The new tax year starts 6 April 2021, and without dwelling too much on the historical trickery that has landed us with this odd commencement date, what are the challenges we will need to grapple with in the coming year?
Keeping clear of COVID
Pretty obvious really, no-one would willingly risk a dose of COVID-19 and its variants. Unfortunately, to achieve this, we will likely need to abide by government restrictions for most if not all of 2021-22.
Coping with lockdown
Even if lockdown ceases to have its current impact, particularly on the leisure, entertainment and hospitality trades, it is unlikely that we will be free of social distancing rules and regulations for some time.
Those trades adversely affected by this disruption will need to plan accordingly.
Working from home
Many jobs are now being advertised with two or three days a week working from home rather than the office. Which means:
- Employers will need to rethink their human resource services to support staff achieving the same levels of productivity when working away from their employers’ office.
- Employees will need to achieve a new relationship with work when working from home; be firm in setting the boundaries.
- Does this change offer an opportunity to reduce office space (and overheads) by desk-sharing?
Retaining profits and reserves
Financially, business owners will need to keep an eye on the following indicators if they are to keep heads above water:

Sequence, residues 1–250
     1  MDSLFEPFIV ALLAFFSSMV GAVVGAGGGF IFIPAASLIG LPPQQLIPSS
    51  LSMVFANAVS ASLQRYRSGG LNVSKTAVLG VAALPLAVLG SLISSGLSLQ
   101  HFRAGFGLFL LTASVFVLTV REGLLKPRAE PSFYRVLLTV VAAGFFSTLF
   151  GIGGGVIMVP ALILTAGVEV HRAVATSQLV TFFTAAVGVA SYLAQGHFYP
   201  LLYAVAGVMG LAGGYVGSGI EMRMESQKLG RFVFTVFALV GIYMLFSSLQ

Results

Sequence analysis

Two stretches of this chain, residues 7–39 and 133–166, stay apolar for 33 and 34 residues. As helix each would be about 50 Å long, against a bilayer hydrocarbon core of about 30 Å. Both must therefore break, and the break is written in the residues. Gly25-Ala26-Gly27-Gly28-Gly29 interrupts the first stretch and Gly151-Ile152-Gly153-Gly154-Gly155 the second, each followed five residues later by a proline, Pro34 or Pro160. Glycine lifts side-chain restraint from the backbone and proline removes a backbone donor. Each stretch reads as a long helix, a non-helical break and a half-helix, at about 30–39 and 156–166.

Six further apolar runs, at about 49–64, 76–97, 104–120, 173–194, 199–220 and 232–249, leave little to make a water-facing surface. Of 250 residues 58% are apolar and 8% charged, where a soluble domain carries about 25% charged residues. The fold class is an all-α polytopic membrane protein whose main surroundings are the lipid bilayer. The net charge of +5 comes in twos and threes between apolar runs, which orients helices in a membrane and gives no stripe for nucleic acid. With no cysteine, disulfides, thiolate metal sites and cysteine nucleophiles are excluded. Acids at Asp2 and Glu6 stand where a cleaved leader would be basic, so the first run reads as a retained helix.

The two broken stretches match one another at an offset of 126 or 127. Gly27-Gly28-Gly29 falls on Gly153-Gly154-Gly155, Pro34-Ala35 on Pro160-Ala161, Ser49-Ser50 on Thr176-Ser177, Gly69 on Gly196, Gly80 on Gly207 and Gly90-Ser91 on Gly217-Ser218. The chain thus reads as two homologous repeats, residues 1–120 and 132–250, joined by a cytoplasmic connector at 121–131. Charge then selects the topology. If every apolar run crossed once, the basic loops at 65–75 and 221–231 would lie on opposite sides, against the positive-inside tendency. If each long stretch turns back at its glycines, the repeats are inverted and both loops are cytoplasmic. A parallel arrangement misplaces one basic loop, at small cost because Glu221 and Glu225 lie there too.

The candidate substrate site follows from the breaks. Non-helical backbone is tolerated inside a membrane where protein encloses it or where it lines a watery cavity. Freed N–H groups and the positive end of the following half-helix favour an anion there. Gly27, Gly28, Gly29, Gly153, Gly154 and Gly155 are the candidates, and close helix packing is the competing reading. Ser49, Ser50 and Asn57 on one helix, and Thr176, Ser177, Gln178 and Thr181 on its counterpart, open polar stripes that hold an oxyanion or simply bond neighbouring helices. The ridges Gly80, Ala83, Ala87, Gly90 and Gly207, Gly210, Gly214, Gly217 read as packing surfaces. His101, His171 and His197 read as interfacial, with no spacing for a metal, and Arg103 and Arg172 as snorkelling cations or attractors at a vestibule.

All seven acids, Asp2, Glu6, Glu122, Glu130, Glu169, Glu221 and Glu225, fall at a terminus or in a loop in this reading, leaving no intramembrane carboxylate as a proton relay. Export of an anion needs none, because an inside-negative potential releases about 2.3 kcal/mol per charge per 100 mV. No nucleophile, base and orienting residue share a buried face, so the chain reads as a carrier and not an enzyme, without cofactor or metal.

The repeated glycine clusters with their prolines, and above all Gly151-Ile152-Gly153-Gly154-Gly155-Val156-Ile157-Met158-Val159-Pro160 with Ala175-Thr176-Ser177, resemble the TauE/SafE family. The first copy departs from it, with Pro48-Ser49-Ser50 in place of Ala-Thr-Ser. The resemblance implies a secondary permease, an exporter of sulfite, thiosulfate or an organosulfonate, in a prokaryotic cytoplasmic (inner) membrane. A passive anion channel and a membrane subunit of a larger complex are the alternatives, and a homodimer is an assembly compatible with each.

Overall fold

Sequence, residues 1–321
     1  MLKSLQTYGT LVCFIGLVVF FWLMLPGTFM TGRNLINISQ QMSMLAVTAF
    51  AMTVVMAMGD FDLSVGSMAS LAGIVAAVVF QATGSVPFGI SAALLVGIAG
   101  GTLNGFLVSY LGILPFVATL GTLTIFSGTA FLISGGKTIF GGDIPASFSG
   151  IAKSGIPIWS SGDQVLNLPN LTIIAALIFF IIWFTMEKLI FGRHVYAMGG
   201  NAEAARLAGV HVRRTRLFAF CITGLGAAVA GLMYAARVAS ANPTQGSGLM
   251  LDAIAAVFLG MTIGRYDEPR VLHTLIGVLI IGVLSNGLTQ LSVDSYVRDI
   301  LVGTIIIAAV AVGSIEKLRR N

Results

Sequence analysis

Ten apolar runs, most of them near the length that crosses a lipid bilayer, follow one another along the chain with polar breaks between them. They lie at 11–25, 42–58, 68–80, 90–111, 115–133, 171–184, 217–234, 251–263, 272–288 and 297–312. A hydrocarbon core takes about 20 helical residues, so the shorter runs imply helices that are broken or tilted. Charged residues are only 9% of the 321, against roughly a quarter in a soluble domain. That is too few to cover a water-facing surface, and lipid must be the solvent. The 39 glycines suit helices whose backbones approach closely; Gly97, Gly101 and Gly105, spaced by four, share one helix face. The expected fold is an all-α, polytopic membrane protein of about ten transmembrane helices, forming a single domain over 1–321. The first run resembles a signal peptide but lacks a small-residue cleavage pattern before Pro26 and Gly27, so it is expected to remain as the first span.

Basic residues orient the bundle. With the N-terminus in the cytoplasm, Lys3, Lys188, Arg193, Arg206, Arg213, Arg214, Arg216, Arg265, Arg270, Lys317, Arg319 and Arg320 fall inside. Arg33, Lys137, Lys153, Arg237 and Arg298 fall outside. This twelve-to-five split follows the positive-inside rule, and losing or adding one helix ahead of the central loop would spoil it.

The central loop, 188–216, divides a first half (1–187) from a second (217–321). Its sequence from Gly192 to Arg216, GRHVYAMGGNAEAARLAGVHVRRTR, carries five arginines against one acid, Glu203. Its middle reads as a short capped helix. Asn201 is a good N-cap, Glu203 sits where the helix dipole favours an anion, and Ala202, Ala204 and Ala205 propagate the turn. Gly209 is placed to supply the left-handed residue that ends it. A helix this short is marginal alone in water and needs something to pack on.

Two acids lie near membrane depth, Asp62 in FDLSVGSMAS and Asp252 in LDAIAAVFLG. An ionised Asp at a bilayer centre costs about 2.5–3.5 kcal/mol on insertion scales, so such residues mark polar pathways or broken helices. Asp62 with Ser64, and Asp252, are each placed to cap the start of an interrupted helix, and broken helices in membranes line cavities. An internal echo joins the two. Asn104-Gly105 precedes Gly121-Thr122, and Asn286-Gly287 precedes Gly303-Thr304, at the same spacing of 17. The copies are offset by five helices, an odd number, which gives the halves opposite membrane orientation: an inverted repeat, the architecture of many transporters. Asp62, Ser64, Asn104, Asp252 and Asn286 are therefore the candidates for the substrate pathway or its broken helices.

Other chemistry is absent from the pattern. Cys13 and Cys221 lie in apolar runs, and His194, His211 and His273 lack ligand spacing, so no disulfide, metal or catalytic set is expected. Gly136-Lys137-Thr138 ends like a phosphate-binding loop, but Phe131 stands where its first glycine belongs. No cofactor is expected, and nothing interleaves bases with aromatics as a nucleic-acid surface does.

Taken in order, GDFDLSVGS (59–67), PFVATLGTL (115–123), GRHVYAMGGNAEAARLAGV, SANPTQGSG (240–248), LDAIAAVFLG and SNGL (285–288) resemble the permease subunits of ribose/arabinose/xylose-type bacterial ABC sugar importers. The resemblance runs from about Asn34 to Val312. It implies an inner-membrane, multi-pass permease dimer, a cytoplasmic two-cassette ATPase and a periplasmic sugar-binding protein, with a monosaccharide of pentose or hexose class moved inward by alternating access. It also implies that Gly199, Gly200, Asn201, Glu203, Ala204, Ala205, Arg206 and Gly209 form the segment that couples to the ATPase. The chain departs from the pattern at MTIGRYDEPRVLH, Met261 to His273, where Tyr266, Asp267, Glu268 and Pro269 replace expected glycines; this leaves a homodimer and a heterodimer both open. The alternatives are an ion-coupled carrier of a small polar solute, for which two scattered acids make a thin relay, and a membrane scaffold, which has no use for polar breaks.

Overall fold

- Apart from any capital introduced by business owners, the major source of value in most businesses is profits retained in the business after all taxes have been paid. In the last year, many firms will have used any opening reserves to fund losses during the worst periods of lockdown.
- As a result of the above it is possible that businesses have either reduced or exhausted cash reserves and had to borrow – most using the government-backed loan schemes – to maintain liquidity.
Planning is vital.
If you have not yet created an integrated budget for 2021-22, now would be a good time to make a start.
- Will you encounter any cashflow challenges?
- If yes, how will you plug these cashflow gaps. Do you need to approach your bank now?
- How difficult will it be to re-establish and maintain profitability?
- Are you under or over-staffed?
- Has Brexit affected your supply lines?
Until you sit down and work through your options you are vulnerable. And if the past year has taught us anything, its that we can no longer take anything for granted. We must expect the unexpected.
We can help
Please call if you need help with this planning process. And don’t delay. There is no point in closing the proverbial stable door once your busines recovery options have left the stable.